Every once in a while when getting into a discussion with the strongly devout, they'll insist that they're spiritual, but not religious. I pretty much understand them wanting to make such a distinction. It's very similar to my desire for precision in calling myself a skeptical agnostic instead of an atheist.
My suspicion is that most of them are trying to distance themselves from the Catholic church in particular. That the dogma and trappings of that religion seems largely a construct of mankind. That a "real Bible church" (as one person put it to me) is somehow less tainted by man.
But when I did the above search, one of the most succinct and generic descriptions I found was:
...defining spirituality as "our search for purpose and meaning involving both transcendence (the experience of existence beyond the physical/psychological) and immanence (the discovery of the transcendent in the physical/psychological). He defines religion as "the organized attempt to facilitate and interpret that search."
So, spirituality is essentially a feeling that there's something more. Religion is a codification of that feeling, used to guide others.
Given that true spirituality is pretty amorphous and freewheeling, I think it's pretty ironic how adamant some of the most devout, who insist just as adamantly that they're not religious, are about insisting that the Bible is perfect. That one must accept and follow the Bible (well, the parts they agree with) or else suffer eternal peril.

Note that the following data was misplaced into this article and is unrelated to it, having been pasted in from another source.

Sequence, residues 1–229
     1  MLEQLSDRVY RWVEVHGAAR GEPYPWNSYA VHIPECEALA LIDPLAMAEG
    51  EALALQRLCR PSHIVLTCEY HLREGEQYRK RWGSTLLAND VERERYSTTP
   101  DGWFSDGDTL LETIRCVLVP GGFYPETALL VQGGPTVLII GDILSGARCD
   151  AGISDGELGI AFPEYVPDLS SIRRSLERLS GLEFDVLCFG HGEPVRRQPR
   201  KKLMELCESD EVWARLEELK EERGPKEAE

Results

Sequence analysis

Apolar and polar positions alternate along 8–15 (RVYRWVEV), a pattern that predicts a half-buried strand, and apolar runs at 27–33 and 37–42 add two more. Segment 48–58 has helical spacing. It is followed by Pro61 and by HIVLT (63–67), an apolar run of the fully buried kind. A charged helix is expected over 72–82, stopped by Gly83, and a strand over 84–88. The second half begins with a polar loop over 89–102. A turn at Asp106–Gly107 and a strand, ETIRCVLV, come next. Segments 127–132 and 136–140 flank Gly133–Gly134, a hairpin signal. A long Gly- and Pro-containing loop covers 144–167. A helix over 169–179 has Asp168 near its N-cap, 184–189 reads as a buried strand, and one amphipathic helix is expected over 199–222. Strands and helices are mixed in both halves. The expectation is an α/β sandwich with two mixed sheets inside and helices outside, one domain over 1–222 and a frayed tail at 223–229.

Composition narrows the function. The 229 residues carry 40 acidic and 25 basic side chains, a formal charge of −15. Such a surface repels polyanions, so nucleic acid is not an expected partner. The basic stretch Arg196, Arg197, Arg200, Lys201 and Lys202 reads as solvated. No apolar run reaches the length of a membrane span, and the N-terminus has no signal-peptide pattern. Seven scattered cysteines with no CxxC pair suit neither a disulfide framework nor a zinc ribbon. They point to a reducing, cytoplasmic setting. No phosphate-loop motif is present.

Ironic because the Bible is, pretty much by definition, a codification of spirituality. After all, Christianity is a religion.
Sure, there are people who follow religious doctrines without really understanding them and/or without much feeling. Those people are indeed best described as religious but not spiritual. They're pretty easy to find. They tend to practice their religion in a very inconsistent fashion.
I know people who are spiritual but not religious within the previous definition. They feel certain there's something more than just this physical world. But they aren't sure what it is.
But one thing they are pretty sure of is that they are unable to accept the Bible as entirely literal. Possibly, it includes some useful clues to help them find the answers which they seek.
But they're still searching.
Maybe that's the difference between spirituality vs religion. Spiritual people are searching. Religious people are studying. There are sure to be some facets of religious study that do encompass a spiritual search. But the search must be confined to remain within the code that is already laid out. And that makes it religion.
But the people trying to distance themselves from the established Christian sects don't see it that way. They have The Word all spelled out in front of them.
But, no way, don't dare call them religious.
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